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This page was published on 27/06/2007
Published: 27/06/2007

   Result of search

Last Update: 27-06-2007  
Related category(ies):
Energy  |  Environment  |  Transport

 

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Fuel-cell powered aircraft take to the skies

Fuel-cell powered manned intercity aircraft are now being developed thanks to the solid support of the EU, which has provided EUR 2.9 million in funding to the Environmentally Friendly Inter-City Aircraft powered by Fuel-Cells (ENFINCA-FC) project. Led by Giulio Romeo, Full Professor of Airplane Design and Aerospace Structures at Turin Polytechnic University, the project is part of the aeronautics and space priority of the Sixth Framework Programme. This project is helping Europeans prove their prowess on the global stage.

The Evektor EV55 plane. Evektor is one of the project partners. © ENFICA-FC & EVEKTOR
The Evektor EV55 plane. Evektor is one of the project partners.
© ENFICA-FC & EVEKTOR
In a statement, Professor Giulio said, 'Hydrogen and fuel-cell power technologies have now reached the point where they can be exploited to initiate a new era of propulsion systems for light aircraft and small commuter aircraft.' Two thirds of the project’s funding is being supplied by the European Commission in recognition of its commitment to the development of fuel-cell technology and alternatives to fossil fuels. The main aim of the project is to develop and validate the use of fuel-cell power technology as the propulsion system of light and small commuter aircraft. It is hoped that as a result of this research technologies created can be transferred in the future to larger aircraft that are entirely or almost completely electric.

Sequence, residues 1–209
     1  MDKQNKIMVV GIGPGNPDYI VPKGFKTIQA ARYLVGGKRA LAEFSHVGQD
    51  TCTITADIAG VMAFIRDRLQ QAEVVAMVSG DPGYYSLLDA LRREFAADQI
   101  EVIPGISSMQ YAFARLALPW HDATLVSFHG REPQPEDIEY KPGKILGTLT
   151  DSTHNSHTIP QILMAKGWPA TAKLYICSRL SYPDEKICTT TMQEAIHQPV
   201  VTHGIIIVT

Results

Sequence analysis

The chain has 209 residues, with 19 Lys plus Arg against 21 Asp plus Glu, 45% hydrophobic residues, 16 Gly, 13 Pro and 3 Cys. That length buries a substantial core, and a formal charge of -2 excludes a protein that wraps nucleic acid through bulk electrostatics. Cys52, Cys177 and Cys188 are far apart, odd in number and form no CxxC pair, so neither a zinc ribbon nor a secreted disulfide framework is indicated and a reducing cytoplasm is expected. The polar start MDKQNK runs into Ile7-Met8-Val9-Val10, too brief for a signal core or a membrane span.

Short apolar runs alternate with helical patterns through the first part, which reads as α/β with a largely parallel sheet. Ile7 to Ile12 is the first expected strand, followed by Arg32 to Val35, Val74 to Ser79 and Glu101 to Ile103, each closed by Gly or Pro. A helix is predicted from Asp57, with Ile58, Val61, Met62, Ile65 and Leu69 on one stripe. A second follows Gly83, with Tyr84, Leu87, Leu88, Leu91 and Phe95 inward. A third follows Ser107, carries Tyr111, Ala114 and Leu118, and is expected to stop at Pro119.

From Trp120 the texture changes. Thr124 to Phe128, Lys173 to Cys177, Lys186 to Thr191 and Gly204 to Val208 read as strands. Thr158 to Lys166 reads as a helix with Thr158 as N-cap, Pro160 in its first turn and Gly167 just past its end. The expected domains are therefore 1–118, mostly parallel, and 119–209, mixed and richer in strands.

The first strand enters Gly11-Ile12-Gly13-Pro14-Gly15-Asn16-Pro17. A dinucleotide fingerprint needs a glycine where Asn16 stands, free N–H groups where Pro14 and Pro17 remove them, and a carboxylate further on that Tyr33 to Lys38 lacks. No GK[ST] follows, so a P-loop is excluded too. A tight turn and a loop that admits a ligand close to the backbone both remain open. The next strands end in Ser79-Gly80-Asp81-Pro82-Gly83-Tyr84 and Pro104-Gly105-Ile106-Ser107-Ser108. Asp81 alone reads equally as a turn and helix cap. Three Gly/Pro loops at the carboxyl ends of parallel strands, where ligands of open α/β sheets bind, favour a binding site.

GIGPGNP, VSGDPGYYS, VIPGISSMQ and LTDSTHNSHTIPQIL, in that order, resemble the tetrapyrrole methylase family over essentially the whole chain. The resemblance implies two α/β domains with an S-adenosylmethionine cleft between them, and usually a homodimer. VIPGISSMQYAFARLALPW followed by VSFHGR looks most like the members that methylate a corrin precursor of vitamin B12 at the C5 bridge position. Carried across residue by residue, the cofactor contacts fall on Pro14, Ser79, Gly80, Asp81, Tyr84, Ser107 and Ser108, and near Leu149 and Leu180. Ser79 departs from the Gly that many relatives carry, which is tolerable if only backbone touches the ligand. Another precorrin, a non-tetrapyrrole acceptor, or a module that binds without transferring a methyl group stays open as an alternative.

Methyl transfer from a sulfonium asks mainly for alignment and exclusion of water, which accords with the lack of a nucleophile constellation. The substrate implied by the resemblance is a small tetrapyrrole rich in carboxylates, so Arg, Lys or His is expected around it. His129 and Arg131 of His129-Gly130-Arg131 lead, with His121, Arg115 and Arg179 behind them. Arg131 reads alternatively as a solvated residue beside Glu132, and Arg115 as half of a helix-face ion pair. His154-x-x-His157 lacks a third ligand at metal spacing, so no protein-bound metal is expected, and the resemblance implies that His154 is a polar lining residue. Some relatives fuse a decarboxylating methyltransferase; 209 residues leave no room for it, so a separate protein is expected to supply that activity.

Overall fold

The fuel-cell system will be installed in a selected aircraft which will be flight and performance tested for functionality and future applicability. The project’s results will be presented to the public at both on-ground and in-flight events at the end of the three-year research period. In the meantime, the Boeing Company and its industry partners in Europe are also designing a light aircraft that will be powered by a 20 kW fuel-cell and lithium-ion battery pack and expect to commence flight testing this year using a two-seater aircraft.

The two great advantages of employing fuel-cell technology are low noise and low emissions – features which are of primary importance for commuter aircraft take-off and landing, and landing in urban centres and populated areas. The ability to take off and land without breaking any of the noise abatement regulations set for small airfields in or near urban areas, will allow them to be used late at night when the regulations are most stringent.

The project consortium comprises 11 partners and brings together key figures from industry and academia in the design, development and validation of intercity aircraft, together with expertise in fuel-cells. As well as providing low noise and low emission solutions, the study will also highlight the technical and performance advantages that can be obtained through fuel-cell technology compared to existing conventional systems.

This takes place at a time when the airlines are coming under increasing pressure to reduce the amount of the greenhouse CO2 produced by their aircraft. Prof. Romeo underlined, 'No other project funded by the European Commission promises such ambitious results.'

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